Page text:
The catalog reconstructs Afro’s path from figurative to abstract starting from some works on paper created just around the time the Comet was inaugurated: Piazza Navona in 1936, a spectacular pencil on canvas, and copies, respectively by Rubens and El Greco, of Judith with the head of Holofernes and of San Filippo, precious sheets of ’37 that are real incunabula in Afro’s work. The debut of a protagonist of abstract art in the name of fervor for the ancient, a fact that at first intrigues, if it does not prove to be very useful for understanding the artist’s poetics, in which the orientation to the new does not imply a rejection of the previous tradition. In the decade considered by the exhibition, Afro appears committed to taking note of the variety of currents that move in Italy and Europe, to graft the news from Paris on the perfect mastery of the conquests of the Venetian Renaissance, assimilating the opposites into a unity of style (Appella). A research conducted above all on paper through a constant use of drawing. Giuseppe Appella writes in the essay in the catalog: There is no image that Afro painted without first verifying it on paper. In fact, the proposed review shows an inexhaustible designer, continuously engaged in the invention of an inexhaustible series of variants for the subjects that are dear to him in those years: the presences of family life, still lifes, views. Paper, the painter’s daily training ground even when it comes to experimenting with bold chromatic solutions: sudden changes from warm and bright colors to cold and muted hues, links of reds and violets and so on, in the fast proceeding of a kaleidoscopic creativity that introjects every new stimulus in the undisputed respect for pictorial values. For this reason, explains Appella, his painting is the polar opposite of the coldness and reasoning of artists who grew up in the shadow of cubism and the informal.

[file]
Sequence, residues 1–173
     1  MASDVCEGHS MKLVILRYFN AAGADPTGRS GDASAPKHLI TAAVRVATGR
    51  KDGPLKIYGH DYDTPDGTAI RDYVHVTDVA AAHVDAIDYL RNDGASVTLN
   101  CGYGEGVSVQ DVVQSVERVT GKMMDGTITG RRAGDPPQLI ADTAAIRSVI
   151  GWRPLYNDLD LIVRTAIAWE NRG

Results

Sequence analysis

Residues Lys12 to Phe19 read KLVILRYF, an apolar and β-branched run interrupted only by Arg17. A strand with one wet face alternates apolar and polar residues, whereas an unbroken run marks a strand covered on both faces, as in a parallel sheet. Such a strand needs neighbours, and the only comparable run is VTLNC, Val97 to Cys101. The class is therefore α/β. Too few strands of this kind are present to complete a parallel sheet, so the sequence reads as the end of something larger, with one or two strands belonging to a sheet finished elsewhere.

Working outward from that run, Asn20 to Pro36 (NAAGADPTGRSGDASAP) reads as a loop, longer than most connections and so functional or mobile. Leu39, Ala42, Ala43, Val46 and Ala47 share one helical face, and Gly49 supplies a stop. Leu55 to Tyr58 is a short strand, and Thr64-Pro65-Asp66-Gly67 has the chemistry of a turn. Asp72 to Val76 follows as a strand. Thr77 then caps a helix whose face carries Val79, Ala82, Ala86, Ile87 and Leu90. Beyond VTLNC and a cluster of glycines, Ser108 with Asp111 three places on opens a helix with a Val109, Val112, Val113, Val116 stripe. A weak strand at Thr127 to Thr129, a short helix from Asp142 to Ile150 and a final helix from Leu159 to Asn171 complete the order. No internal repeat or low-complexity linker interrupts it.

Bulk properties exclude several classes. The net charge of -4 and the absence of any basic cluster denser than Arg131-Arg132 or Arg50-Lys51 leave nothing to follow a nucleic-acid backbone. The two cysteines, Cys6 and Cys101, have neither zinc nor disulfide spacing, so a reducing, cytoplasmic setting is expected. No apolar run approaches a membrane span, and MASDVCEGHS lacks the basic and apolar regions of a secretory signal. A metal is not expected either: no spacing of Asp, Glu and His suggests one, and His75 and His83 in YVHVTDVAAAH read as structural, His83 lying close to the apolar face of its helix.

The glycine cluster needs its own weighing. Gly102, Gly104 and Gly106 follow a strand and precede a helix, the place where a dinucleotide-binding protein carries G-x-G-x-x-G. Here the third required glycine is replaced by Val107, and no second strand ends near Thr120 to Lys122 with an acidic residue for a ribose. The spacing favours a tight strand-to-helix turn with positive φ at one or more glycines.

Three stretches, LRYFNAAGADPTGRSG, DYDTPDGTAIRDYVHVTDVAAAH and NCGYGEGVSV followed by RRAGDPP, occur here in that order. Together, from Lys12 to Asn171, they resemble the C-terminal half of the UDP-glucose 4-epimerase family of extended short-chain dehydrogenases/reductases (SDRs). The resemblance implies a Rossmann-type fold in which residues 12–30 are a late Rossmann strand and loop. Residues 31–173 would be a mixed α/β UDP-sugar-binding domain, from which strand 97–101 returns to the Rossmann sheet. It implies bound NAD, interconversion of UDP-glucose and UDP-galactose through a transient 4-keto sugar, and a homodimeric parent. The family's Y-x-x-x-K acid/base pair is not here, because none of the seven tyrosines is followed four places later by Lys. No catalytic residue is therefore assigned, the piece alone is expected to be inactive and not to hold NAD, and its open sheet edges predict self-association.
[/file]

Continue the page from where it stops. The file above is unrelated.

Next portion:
edited by Giuseppe Appella, Agnese Sferrazza – 2008